by Hattie Myers | Cover by Daniel Derderian, Grey Varnish (2020)
The day was departing, the darkened air was releasing all living creatures on the earth from their toils; and I alone prepared myself to undergo the war both the journey and the pity, which memory, unerring, will depict.
—Dante, Inferno, Canto 11 (1-6)
For Freud, nearing the end of his life, the fateful question for the human species came down to whether and to what extent our cultural development would succeed in mastering the disturbance our aggressive and self-destructive instincts inflict upon our communal life.
“Men,” he wrote in the last sentences of Civilization and its Discontents, “have gained control over the forces of nature to such an extent that with their help they would have no difficulty exterminating one another to the last man. They know this and hence comes a large part of their current unrest, their unhappiness, and their mood of anxiety. And now it is to be expected that the other of the two ‘heavenly powers,’ eternal Eros, will make an effort to assert himself in the struggle with his equally immortal adversary.” Eros’s immortal adversary, Thanatos, was life’s somber and inexorable drive toward death. Two years later, in 1931 as Hitler ascended to power, Freud went back to this paragraph and added one last line, “But who can foresee with what success and with what result?”
Now as then, no one can foresee what will happen next.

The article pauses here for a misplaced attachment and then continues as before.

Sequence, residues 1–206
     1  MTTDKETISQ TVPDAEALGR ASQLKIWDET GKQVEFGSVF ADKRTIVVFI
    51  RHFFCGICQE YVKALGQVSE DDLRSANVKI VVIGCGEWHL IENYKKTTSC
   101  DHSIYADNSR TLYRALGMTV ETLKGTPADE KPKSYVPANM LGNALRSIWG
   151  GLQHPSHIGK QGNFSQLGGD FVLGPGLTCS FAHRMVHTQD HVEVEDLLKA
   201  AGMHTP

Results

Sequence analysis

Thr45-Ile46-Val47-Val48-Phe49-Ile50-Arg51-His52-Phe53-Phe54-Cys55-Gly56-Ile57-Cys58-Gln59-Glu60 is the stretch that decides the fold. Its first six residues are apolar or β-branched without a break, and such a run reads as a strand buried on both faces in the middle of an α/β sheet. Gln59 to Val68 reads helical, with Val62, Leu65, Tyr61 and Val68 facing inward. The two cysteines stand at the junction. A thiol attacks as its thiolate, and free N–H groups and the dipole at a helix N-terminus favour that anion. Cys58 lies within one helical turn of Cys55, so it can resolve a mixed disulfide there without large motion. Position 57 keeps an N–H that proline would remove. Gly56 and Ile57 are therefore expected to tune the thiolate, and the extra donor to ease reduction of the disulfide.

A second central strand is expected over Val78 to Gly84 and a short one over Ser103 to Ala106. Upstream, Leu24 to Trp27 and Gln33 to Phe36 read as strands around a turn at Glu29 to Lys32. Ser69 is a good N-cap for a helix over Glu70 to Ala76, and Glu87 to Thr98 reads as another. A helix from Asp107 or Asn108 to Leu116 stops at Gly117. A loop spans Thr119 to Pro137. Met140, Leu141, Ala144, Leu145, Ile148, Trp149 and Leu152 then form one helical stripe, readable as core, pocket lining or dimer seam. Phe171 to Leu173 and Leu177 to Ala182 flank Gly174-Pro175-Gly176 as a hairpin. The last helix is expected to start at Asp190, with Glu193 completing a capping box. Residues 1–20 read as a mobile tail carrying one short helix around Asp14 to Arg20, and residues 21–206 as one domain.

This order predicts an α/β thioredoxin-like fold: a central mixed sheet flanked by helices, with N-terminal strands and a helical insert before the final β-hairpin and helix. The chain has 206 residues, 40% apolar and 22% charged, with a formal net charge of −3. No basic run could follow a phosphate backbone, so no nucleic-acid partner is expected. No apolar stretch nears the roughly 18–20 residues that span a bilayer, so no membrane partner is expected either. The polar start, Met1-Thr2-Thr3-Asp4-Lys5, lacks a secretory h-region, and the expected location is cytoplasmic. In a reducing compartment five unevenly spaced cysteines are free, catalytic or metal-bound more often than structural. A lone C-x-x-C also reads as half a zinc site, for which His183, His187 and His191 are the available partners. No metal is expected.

With over a million souls dead from COVID, with droughts, fires, and floods rendering the earth uninhabitable; with the hatred and fear we train toward each other engendering new ruthless alliances; and with the US presidential election in just few days determining the fate of its democracy, if our “cultural development” is to succeed in assuring our survival, it must step in quickly. The analysts, poets, and artists featured in ROOM 10.20 are seizing this darkness as an occasion to illuminate a new beginning.
From the heart of a maximum security prison Rocío Barcellona bears witness to the depths our society has sunk to. In “Collective Disappearance,” she finds no hope. “I became aware,” she writes in the midst of the COVID epidemic, “of the spaces we inhabit between person and disappearance, marching toward and against erasure with our inmates. At times our presence is the only witness to their presence… Who will hold on to us as we fight to hold on to them, as we fight to convince them to hold on to themselves in a world that does not care if they let go?” Barcellona poses a question that is a touchstone in ROOM 10.20. “How do we treat ourselves and others like human beings…? How do we remain human?
“The image of human life so violently, and yet lightly, canceled in the name of law and order, state and authority, was deeply imbedded in the innermost recess of my psyche,” writes Fang Duan in her heart-stopping essay, “From an Other Perspective.” In the wake of George Floyd’s murder and the Black Lives Matter movement, Fang Duan reveals a radical understanding she has come to about “otherness” in light of her own family’s blood-chilling history. In “Ancestral Spaces,” Marcia Black looks beyond and beneath what she calls “trauma’s rubble.” “As we find ways out of the imprisoned minds and disconnected/devitalized bodies created through colonization,” Black imagines that “…we might discover the guidance of ancestors who exist within us and whose ways of knowing carry wisdom waiting to be unlocked and opened.”